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1 March 2014 Fitness cost of ampicillin resistance in Escherichia coli
Skylar Hopkins
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Abstract

A long-standing hypothesis regarding antibiotic resistance assumes that the evolution of resistant genotypes comes at a fitness cost to individuals. This predicts that resistance will disappear from populations when antibiotic stress is removed because susceptible individuals can then outcompete resistant individuals. However, recent studies have shown that low fitness costs and the evolution of fitness compensation cause very low levels of reversion to susceptibility in some situations. This study evaluated the fitness parameters associated with ampicillin resistance in Escherichia coli under optimal, temperature stressed, and nutrient limited conditions by comparing optical density values between resistant and susceptible individuals. Unexpectedly, the ampicillin resistant population grew faster than the susceptible population under optimal and limited nutrient conditions and experienced no fitness cost under temperature stress conditions. Though ampicillin is not used in clinical settings and E. coli may have different fitness parameters for other antibiotics, using ampicillin as a model suggests that reversion to susceptibility may be unlikely under both optimal growing conditions and stressful conditions. This study illustrates the need for greater understanding of each species' fitness parameters for individual antibiotics and the development of antibiotics that have higher fitness costs and low probabilities of compensation evolution.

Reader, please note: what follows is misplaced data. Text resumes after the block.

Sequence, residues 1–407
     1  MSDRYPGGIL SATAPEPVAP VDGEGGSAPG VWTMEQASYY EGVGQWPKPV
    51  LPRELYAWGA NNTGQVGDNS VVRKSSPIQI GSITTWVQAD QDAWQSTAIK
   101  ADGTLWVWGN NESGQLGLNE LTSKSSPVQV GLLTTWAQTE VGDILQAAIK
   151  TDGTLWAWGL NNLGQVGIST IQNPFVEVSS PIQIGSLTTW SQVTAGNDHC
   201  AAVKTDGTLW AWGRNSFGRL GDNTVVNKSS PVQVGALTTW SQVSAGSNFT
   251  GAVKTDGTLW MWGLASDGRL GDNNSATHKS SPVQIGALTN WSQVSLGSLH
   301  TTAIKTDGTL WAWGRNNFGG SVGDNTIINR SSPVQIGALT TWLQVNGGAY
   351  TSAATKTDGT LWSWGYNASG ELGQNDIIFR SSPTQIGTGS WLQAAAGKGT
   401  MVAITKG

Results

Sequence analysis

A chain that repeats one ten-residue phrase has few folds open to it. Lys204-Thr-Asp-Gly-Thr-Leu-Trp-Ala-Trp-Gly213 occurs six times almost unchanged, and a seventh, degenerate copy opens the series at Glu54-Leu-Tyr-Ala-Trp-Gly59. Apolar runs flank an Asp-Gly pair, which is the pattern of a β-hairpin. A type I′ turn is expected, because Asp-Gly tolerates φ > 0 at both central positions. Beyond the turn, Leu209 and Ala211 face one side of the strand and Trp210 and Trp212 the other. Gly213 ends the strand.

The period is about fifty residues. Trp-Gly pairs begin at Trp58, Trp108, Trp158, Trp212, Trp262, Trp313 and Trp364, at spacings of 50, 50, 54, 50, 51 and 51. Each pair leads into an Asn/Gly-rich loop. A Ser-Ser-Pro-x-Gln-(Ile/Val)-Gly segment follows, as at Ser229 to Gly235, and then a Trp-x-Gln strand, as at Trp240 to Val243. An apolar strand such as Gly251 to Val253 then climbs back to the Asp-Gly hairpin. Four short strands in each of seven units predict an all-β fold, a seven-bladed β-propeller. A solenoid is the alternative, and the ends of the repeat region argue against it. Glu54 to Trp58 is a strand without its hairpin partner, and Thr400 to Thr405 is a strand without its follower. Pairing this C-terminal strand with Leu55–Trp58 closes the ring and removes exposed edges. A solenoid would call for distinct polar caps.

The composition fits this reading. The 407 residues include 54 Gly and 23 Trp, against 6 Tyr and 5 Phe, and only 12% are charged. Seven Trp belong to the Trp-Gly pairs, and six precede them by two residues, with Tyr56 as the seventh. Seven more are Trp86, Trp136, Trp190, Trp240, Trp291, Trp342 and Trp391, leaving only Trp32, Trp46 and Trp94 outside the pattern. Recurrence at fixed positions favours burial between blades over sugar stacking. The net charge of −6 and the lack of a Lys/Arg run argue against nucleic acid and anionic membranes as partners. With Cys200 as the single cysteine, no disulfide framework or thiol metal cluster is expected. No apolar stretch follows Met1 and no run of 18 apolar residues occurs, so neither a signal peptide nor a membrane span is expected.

Skylar Hopkins "Fitness cost of ampicillin resistance in Escherichia coli," BIOS 85(1), 1-7, (1 March 2014). https://doi.org/10.1893/0005-3155-85.1.1
Received: 18 November 2011; Accepted: 1 April 2013; Published: 1 March 2014
JOURNAL ARTICLE
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